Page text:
Review: Normal People

Hulu series understands intimacy, but forgets the characters

Daisy Edgar-Jones and Paul Mescal in Hulu's new relationship drama Normal People

From small-town Ireland emerges a tale of quintessential young lovers: bleeding empathy while deeply self-protective, unsure of their needs but spirited regardless. Hulu's Normal People is a frustratingly authentic coming-of-age story - although sometimes, the emphasis falls on frustrating.

In the 12-episode miniseries, adapted from Sally Rooney’s bestselling novel of the same title, Daisy Edgar-Jones and Paul Mescal give shining performances as Marianne Sheridan and Connell Waldron, two Irish highschoolers making their way to college and adulthood. The events of the plot are as ordinary as the title suggests, depending on little details like Mescal’s measured breaths and Edgar’s avoidant gaze to bring urgency to each scene.

Normal People deftly tackles high school social status, then stark class disparities, then domestic violence. Marianne and Connell build (then break off, then rebuild) a romance in context of their differences, not in spite of them. Connell's working class background contrasts Marianne’s wealth, as does his happy home life with Marianne’s abusive family history. But with careful dialogue and cinematography to match, the couple’s heightened sensitivity to each other just adds to their chemistry.

The production team includes Ita O’Brien as Intimacy Coach, who directed the on-screen believability and off-screen ethics of the sex scenes. Unsurprisingly, as O’Brien also coordinated intimacy in Netflix’s hit series Sex Education, her work pays off here. Sex in Normal People is unlike anything on TV in recent memory. Time in bed begins and ends, unlike impersonal and all-too-common sex montages that fail to communicate what intimacy really means to each character.

Instead of just creating interludes between the “real” conversations, intimate shots between Marianne and Connell happen in character. They ask earnest questions and set awkward boundaries. They express pleasure and discomfort without under- or over-exaggeration. Their eyelines, as well as what the camera chooses to include or conceal, communicate what insecurities they’re holding onto and what growth they have made.

But starting around episode seven, that growth doesn’t always extend outside of the bedroom, specifically for Marianne. The writing in the latter half of Normal People abandons her, relying on Edgar-Jones’ acting chops to keep the character compelling. At the end of episode six, the pair have an anticlimactic breakup, both thinking the other suggested seeing other people. The miscommunication reads as forced — especially since the episode begins with Marianne finally putting aside her timidity to be frank and clear with Connell about her need for public affection.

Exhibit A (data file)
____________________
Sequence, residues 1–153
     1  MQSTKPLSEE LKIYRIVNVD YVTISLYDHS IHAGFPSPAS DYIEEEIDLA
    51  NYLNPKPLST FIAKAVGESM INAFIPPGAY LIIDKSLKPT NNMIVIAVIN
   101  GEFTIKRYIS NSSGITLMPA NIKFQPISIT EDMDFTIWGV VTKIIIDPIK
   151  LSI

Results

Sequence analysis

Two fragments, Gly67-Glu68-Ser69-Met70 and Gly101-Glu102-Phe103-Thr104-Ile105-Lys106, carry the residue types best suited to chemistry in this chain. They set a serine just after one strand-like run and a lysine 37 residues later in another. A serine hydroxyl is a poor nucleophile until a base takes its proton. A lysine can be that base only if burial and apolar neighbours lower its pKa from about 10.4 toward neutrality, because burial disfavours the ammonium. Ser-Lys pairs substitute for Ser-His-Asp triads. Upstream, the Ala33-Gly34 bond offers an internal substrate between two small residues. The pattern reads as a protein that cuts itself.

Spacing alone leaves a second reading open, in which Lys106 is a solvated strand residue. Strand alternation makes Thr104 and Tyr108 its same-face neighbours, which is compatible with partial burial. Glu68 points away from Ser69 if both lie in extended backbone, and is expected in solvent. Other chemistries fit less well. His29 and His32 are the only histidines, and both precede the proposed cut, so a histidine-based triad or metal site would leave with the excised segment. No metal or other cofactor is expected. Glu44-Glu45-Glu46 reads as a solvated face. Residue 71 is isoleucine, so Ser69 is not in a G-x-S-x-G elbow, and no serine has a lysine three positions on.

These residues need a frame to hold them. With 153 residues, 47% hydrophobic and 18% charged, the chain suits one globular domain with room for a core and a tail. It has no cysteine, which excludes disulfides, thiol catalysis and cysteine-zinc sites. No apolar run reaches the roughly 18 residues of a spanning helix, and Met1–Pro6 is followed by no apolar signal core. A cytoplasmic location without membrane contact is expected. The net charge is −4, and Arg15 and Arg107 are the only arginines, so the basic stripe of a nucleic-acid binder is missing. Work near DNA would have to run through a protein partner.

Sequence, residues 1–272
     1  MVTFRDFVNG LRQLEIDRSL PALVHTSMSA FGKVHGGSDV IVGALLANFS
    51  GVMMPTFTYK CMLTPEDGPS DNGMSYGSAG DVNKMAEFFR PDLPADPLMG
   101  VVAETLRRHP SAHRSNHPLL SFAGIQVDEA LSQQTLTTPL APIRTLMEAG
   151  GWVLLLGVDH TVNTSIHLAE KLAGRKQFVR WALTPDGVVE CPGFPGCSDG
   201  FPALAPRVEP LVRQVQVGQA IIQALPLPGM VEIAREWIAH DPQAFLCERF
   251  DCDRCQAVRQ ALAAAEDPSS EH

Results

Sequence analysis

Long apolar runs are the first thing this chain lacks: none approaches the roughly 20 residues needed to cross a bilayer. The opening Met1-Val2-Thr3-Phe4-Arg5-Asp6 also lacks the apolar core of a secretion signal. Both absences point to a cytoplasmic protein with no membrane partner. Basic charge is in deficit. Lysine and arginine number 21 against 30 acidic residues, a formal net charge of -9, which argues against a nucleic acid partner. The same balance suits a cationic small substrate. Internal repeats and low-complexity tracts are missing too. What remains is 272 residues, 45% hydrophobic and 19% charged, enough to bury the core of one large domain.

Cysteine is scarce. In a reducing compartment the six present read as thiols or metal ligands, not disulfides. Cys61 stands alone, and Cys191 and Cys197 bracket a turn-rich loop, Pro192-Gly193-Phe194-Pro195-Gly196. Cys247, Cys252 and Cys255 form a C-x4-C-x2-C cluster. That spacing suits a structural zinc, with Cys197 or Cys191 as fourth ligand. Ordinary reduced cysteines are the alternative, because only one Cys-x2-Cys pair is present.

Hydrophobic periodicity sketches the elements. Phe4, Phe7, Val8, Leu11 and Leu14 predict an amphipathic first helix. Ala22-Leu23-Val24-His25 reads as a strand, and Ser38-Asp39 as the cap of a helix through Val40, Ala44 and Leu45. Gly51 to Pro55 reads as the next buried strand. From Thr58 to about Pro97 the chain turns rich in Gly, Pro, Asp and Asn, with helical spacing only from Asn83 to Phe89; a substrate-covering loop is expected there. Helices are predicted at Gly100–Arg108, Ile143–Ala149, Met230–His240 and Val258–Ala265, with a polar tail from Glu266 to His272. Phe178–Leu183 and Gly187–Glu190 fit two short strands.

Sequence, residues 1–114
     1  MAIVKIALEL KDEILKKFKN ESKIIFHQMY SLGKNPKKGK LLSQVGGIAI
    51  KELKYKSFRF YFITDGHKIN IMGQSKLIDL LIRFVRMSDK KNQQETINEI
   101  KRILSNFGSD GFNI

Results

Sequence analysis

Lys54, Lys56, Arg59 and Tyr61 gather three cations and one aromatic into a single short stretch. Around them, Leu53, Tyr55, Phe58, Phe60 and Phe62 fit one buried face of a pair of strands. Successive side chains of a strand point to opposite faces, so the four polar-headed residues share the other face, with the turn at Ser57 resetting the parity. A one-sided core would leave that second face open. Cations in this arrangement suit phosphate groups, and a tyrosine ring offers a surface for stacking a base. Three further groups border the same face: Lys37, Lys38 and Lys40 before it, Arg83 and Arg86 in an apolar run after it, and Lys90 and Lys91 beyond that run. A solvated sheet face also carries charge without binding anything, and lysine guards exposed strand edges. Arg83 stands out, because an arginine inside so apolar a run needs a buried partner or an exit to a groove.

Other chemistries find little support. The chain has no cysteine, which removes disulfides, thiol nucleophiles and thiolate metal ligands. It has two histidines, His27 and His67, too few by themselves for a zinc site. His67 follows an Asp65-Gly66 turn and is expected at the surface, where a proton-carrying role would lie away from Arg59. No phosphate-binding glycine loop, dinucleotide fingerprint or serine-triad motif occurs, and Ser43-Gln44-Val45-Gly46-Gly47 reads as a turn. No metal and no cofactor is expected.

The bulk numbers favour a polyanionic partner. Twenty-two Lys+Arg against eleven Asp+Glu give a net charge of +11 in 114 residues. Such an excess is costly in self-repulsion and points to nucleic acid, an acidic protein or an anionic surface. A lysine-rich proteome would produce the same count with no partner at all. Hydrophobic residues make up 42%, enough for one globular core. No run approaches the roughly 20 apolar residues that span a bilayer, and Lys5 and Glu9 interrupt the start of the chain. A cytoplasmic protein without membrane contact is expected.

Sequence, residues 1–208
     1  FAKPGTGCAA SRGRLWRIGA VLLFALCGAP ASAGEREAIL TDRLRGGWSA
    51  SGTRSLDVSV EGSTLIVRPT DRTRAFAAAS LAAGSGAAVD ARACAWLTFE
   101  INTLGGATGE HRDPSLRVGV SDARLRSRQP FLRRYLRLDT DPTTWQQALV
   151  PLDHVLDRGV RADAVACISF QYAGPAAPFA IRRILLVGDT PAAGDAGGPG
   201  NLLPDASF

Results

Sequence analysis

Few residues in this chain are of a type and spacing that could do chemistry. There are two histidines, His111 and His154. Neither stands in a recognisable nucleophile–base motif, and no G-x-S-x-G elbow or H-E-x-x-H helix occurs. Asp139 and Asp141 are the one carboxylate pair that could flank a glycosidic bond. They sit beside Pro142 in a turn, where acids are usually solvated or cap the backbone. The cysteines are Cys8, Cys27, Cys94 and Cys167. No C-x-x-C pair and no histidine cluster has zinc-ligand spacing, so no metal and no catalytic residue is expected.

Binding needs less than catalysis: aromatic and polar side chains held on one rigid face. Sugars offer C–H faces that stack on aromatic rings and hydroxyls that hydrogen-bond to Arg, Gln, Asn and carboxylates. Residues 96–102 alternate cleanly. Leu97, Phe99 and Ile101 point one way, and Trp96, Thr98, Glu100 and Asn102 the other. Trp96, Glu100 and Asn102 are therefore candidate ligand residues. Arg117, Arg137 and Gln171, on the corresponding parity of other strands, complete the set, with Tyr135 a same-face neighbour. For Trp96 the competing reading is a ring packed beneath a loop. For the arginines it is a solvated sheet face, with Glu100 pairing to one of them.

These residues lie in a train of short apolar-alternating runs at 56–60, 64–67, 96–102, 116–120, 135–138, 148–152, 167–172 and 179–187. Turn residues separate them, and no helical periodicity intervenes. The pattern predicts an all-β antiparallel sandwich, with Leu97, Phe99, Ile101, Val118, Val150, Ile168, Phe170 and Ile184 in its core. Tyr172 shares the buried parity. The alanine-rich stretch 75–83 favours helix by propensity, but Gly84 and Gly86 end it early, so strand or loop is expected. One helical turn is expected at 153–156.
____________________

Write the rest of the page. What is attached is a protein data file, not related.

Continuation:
Twice before getting back together with Connell, Marianne enters doomed relationships, becoming overshadowed by insensitive boyfriends. Both times, Connell convinces her she deserves better and she leaves, but the cycle repeats. It’s clear that Normal People is trying to think through how childhood trauma might affect adult relationships — but the script fails to help her find her own agency. Marianne never pinpoints that she can’t let people treat her however they want, and her happiness seems contingent on Connell’s kindness. Connell, on the other hand, learns to believe in himself because of Marianne’s compassion. When he ultimately decides to leave Ireland and pursue creative writing, Marianne’s lack of a larger arc leaves her underwritten in comparison.

The finale still manages to be moving in its understanding that not every happy couple lasts forever. Marianne gently reminds Connell: “We have done so much good for one another.” They have. “And we’ll be okay,” she finishes.

The tender final shot tries to make that true, as the two sip tea and sit huddled together on the floor. It isn’t hard to imagine that Connell will go on to thrive in New York, having deepened his self awareness through writing and therapy. But without any confirmation that Marianne has found joy outside of romantic love, Normal People’s final moments feel empty.

Normal People is streaming on Hulu now.

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